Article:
China Plans to Build its First Stealth Bomber to Counter U.S. 'China Bomber'
On the heels of the United States' plans to go ahead with building a stealth "China Bomber" is a recent announcement China intends to build its own stealth bomber.
China's planned "H-20" stealth bomber is expected to be a subsonic low-observable "flying wing" configuration similar to the U.S. B-2 Spirit that has been operational since 1997.
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China's first stealth bomber will probably be developed and produced by Xi'an Aircraft Industrial Corporation, believes Aviation Week & Space Technology. The H-20 is expected to enter service by 2025.
China's decision to go ahead with its own stealth bomber seems to have been triggered by its failure to buy the supersonic Tupolev Tu-22M3 variable-sweep wing, long-range strategic and maritime strike bomber developed by Russia's Tupolev Design Bureau.
This Russian bomber has a combat radius of 2,400 kilometers and can carry up to 24,000 kilograms of bombs and missiles.
Western military analysts said China needs the H-20 to deny the U.S. from entering the "First Island Chain" from Alaska to the Philippines, and to cement its military leadership in Asia. They also believe the H-20 could have an unmanned combat aerial vehicle version along the lines of the upcoming "Long Range Strike-Bomber" or LRS-B of the U.S. Air Force.
This next generation stealth bomber, which will succeed the B-2 Spirit, will have very long range and the ability to loiter for extended periods over distant targets such as those in the South China Sea and Asia, hence its nickname, the "China Bomber."
The LRS-B is intended to "manage" China in a future conflict, said Andrew Krepinevich, a defense policy analyst who currently serves as President of the Center for Strategic and Budgetary Assessments.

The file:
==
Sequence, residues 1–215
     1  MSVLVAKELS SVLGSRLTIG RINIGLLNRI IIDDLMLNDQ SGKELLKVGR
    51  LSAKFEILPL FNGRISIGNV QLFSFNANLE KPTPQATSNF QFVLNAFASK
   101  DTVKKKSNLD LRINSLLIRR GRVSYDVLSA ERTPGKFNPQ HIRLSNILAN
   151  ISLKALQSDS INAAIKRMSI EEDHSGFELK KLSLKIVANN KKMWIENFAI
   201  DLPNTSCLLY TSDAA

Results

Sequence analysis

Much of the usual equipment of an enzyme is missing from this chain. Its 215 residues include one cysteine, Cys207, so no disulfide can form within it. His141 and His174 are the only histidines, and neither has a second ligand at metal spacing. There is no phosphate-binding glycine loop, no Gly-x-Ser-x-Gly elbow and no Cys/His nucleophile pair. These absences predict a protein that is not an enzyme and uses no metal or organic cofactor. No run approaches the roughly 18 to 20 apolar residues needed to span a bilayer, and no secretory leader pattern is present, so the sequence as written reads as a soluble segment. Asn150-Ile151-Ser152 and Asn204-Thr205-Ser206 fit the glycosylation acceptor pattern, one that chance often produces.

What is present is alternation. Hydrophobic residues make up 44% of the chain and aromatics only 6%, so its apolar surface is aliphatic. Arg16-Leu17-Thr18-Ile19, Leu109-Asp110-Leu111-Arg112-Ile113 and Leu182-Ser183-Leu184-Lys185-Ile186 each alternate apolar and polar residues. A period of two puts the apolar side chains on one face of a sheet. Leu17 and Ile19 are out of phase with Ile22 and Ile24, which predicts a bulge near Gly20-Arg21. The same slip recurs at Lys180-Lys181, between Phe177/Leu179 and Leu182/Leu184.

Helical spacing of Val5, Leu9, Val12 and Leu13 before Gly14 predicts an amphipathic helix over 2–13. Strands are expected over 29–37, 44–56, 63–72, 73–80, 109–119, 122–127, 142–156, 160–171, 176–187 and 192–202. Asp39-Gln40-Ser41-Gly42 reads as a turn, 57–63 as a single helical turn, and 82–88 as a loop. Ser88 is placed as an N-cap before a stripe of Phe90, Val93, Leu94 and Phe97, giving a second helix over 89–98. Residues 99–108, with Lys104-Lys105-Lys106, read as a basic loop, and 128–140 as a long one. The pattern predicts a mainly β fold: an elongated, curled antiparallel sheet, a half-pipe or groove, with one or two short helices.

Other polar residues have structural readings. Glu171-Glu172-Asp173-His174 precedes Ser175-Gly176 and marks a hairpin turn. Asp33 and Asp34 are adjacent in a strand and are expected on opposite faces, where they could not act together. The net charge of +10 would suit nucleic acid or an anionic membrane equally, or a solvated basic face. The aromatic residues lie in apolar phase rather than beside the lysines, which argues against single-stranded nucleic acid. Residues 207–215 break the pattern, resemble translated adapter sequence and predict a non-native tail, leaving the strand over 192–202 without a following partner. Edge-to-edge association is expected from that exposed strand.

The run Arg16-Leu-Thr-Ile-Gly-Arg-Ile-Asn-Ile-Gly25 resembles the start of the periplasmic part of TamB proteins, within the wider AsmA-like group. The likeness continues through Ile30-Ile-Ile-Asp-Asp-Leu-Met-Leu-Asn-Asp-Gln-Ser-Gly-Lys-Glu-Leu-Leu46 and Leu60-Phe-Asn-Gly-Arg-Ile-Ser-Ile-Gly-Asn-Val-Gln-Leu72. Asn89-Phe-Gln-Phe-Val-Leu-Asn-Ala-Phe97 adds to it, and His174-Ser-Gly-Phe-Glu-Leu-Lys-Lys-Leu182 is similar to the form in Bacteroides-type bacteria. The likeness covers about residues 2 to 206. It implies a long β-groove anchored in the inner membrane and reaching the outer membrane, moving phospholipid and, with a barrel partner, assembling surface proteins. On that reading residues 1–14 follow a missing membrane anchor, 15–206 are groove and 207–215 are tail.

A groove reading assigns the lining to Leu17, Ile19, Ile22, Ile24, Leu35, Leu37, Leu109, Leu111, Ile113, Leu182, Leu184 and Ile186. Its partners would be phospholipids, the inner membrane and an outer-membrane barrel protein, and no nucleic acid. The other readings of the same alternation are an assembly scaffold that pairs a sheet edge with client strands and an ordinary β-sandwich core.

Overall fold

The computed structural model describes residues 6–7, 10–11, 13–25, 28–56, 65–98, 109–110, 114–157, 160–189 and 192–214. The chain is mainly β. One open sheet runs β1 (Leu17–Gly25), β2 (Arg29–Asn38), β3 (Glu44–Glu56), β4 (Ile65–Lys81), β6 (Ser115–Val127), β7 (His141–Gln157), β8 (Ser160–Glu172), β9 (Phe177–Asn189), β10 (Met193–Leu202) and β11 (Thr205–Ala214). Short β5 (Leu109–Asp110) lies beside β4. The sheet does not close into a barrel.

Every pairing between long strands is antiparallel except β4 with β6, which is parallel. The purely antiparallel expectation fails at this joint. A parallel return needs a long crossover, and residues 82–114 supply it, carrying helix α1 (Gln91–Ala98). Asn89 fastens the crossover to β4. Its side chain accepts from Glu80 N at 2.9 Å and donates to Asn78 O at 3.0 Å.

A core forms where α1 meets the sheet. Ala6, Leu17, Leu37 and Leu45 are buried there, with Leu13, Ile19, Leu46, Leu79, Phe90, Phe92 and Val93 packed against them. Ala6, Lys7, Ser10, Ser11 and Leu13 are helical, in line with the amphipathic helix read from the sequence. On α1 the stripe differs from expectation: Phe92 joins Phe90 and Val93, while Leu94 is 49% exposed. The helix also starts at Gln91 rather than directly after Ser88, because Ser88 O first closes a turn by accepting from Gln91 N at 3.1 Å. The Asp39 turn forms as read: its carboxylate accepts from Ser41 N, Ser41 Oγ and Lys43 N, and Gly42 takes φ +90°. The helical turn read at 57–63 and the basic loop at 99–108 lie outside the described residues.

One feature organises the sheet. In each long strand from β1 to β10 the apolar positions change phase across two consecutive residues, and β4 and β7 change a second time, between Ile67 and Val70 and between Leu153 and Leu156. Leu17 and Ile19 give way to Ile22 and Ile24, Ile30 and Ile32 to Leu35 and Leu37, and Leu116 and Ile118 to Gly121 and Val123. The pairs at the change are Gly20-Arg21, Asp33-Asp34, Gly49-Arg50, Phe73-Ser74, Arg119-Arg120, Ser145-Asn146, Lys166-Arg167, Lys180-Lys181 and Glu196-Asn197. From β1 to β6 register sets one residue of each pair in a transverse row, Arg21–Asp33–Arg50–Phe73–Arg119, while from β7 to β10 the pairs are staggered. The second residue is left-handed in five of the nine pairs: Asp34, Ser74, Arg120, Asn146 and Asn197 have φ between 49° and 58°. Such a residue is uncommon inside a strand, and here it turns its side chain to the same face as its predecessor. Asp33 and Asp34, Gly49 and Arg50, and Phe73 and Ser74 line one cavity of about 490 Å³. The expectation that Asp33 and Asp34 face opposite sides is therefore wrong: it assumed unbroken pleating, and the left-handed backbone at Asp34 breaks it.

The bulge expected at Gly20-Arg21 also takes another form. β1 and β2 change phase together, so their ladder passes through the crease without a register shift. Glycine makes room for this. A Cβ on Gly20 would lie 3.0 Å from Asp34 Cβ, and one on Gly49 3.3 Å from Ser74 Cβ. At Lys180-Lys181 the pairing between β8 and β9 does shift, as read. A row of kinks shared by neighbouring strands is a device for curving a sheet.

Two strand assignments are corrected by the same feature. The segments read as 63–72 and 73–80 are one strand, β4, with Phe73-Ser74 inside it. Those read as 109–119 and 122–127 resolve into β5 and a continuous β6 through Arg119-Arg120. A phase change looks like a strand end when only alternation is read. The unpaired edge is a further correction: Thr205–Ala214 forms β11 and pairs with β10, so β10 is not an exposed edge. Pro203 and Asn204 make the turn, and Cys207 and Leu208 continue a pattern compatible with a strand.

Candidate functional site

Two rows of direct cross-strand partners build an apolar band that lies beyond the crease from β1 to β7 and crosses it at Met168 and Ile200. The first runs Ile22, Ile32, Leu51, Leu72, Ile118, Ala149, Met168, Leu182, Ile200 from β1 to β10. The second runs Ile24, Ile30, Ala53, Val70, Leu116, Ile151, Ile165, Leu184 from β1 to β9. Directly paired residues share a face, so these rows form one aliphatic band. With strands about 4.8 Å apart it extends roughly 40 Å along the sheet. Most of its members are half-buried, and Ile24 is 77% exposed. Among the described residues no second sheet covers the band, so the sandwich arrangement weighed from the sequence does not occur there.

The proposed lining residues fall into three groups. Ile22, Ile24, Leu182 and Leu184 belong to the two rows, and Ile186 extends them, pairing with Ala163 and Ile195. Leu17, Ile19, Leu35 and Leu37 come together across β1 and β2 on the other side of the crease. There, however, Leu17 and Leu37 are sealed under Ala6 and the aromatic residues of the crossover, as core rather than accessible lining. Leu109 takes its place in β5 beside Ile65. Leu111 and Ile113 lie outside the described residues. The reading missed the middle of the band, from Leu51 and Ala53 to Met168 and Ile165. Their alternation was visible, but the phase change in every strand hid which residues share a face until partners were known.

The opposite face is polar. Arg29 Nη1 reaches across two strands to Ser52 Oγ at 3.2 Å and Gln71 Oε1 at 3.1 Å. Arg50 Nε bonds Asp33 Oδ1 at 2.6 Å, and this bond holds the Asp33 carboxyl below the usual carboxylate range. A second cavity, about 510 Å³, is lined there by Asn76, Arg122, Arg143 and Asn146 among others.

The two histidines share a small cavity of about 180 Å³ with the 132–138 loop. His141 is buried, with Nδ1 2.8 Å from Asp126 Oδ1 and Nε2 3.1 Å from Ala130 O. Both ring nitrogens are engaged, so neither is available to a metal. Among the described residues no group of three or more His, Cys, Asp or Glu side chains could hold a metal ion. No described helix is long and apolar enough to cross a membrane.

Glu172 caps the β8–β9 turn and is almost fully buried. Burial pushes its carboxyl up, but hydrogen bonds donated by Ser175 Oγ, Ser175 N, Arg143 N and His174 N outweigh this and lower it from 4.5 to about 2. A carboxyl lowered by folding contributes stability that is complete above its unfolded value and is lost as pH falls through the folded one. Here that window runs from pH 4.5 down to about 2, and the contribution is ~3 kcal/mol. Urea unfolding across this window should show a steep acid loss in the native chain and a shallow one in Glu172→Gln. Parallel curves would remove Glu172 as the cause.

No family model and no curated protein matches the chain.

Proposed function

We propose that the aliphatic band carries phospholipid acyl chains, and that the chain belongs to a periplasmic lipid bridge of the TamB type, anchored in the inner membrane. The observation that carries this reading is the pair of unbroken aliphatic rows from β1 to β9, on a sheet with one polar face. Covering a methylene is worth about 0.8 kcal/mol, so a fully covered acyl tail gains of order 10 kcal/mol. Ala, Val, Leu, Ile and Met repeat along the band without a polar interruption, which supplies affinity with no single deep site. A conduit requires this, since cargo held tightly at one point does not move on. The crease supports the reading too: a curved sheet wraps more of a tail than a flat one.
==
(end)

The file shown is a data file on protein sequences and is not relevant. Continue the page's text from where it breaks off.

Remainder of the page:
The LRS-B is being designed to defeat low-frequency radars as effectively as high frequency sets. It will eventually be capable of delivering the entire range of air delivered nuclear weapons in the US arsenal, a capability only currently afforded USAF B-52 bombers.
Ultimately, the USAF will transform the LRS-B into the world's first unmanned or robotic strategic bomber with unmatched endurance.
In the unmanned role, the LRS-B will be used in non-nuclear combat to rain down guided missiles or guided bombs onto land or naval targets. The nuclear capable versions of the bomber will be manned.
What will distinguish the LRS-B from the current B-1or B-2 bombers is the LRS-B's enhanced stealthiness and its capability to loiter or hover over a battlefield for long periods of time, attacking multiple targets of opportunity with precision.
It's being designed to survive daylight raids over heavily defended enemy territory. The LRS-B will carry a weapons load of 14,000 lbs. to 28,000 lbs (6,350 kg to 12,700 kg).